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nfs.conf - Man Page

general configuration for NFS daemons and tools


/usr/etc/nfs.conf /usr/etc/nfs.conf.d/ /etc/nfs.conf /etc/nfs.conf.d/


These files contain site-specific configuration for various NFS daemons and other processes.  Most configuration can also be passed to processes via command line arguments, but it can be more convenient to have a central file.  In particular, this encourages consistent configuration across different processes.

When command line options are provided, they override values set in this file.  When this file does not specify a particular parameter, and no command line option is provided, each tool provides its own default values.

The file format supports multiple sections, each of which can contain multiple value assignments.  A section is introduced by a line containing the section name enclosed in square brackets, so


would introduce a section called global. A value assignment is a single line that has the name of the value, an equals sign, and a setting for the value, so

threads = 4

would set the value named threads in the current section to 4. Leading and trailing spaces and tab are ignored, as are spaces and tabs surrounding the equals sign. Single and double quotes surrounding the assigned value are also removed.  If the resulting string is empty, the whole assignment is ignored.

Any line starting with “#” or “;” is ignored, as is any blank line.

If the assigned value started with a “$” then the remainder is treated as a name and looked for in the section [environment] or in the processes environment (see environ(7)). The value found is used for this value.

The value name include is special.  If a section contains

include = /some/file/name

then the named file will be read, and any value assignments found there-in will be added to the current section.  If the file contains section headers, then new sections will be created just as if the included file appeared in place of the include line. If the file name starts with a hyphen then that is stripped off before the file is opened, and if file doesn't exist no warning is given.  Normally a non-existent include file generates a warning.

Lookup of section and value names is case-insensitive.

Where a Boolean value is expected, any of true, t, yes, y, on, or 1 can be used for "true", while false, f, no, n, off, or 0 can be used for "false".  Comparisons are case-insensitive.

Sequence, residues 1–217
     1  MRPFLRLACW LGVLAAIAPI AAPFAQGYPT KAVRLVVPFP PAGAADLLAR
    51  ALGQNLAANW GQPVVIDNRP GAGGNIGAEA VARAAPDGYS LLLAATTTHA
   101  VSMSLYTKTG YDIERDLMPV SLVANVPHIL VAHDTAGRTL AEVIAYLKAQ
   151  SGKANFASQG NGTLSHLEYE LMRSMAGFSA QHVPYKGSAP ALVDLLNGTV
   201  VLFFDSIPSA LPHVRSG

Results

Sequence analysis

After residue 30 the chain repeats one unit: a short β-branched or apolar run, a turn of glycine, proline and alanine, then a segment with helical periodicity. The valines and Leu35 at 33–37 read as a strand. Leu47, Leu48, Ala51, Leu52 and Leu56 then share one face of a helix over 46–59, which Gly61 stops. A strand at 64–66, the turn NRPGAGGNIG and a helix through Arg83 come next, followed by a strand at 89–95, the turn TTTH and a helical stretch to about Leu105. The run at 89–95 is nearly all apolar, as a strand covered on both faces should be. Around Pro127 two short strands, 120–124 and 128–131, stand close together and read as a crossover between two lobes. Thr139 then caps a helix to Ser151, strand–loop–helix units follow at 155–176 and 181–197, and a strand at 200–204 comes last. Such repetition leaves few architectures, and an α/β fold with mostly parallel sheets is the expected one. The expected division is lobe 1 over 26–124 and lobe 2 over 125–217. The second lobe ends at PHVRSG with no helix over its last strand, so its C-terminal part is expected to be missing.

The following sections are known to various programs, and can contain the given named values.  Most sections can also contain a debug value, which can be one or more from the list general, call, auth, parse, all. When a list is given, the members should be comma-separated. The values 0 and 1 are also accepted, with '0' making no changes to the debug level, and '1' equivalent to specifying 'all'.


Recognized values: pipefs-directory.

See blkmapd(8), rpc.idmapd(8), and rpc.gssd(8) for details.


Recognized values: rootdir.

Setting rootdir to a valid path causes the nfs server to act as if the supplied path is being prefixed to all the exported entries. For instance, if rootdir=/my/root, and there is an entry in /etc/exports for /filesystem, then the client will be able to mount the path as /filesystem, but on the server, this will resolve to the path /my/root/filesystem.


Recognized values: manage-gids, threads, cache-use-ipaddr, ttl, state-directory-path

See exportd(8) for details.

Note that setting "debug = auth" for exportd is equivalent to providing the --log-auth option.


Recognized values: storagedir.

The nfsdcltrack program is run directly by the Linux kernel and there is no opportunity to provide command line arguments, so the configuration file is the only way to configure this program.  See nfsdcltrack(8) for details.


Recognized values: threads, host, scope, port, grace-time, lease-time, udp, tcp, vers3, vers4, vers4.0, vers4.1, vers4.2, rdma,

Version and protocol values are Boolean values as described above, and are also used by rpc.mountd. Threads and the two times are integers. port and rdma are service names or numbers.  See rpc.nfsd(8) for details.


Recognized values: manage-gids, descriptors, port, threads, reverse-lookup, cache-use-ipaddr, ttl, state-directory-path, ha-callout.

These, together with the protocol and version values in the [nfsd] section, are used to configure mountd.  See rpc.mountd(8) for details.

Note that setting "debug = auth" for mountd is equivalent to providing the --log-auth option.

The state-directory-path value in the [mountd] section is also used by exportfs(8).


Recognized values: port, outgoing-port, name, state-directory-path, ha-callout.

See rpc.statd(8) for details.


Recognized values: port and udp-port.

See rpc.statd(8) for details.


Recognized values: retry-time, outgoing-port, and outgoing-addr.

See sm-notify(8) for details.


Recognized values: verbosity, rpc-verbosity, use-memcache, use-machine-creds, use-gss-proxy, avoid-dns, limit-to-legacy-enctypes, context-timeout, rpc-timeout, keytab-file, cred-cache-directory, preferred-realm, set-home.

See rpc.gssd(8) for details.


Recognized values: principal.

See rpc.svcgssd(8) for details.


Only debug= is recognized.


Recognized values: nfs, nfsv4, default.

See nfsrahead(5) for deatils.



Various configuration files read in order.  Later settings override earlier settings.

See Also

nfsdcltrack(8), rpc.nfsd(8), rpc.mountd(8), nfsmount.conf(5).

Referenced By

blkmapd(8), exportfs(8), idmapd(8), mountd(8), nfsd(8), nfsrahead(5), nfs.systemd(7).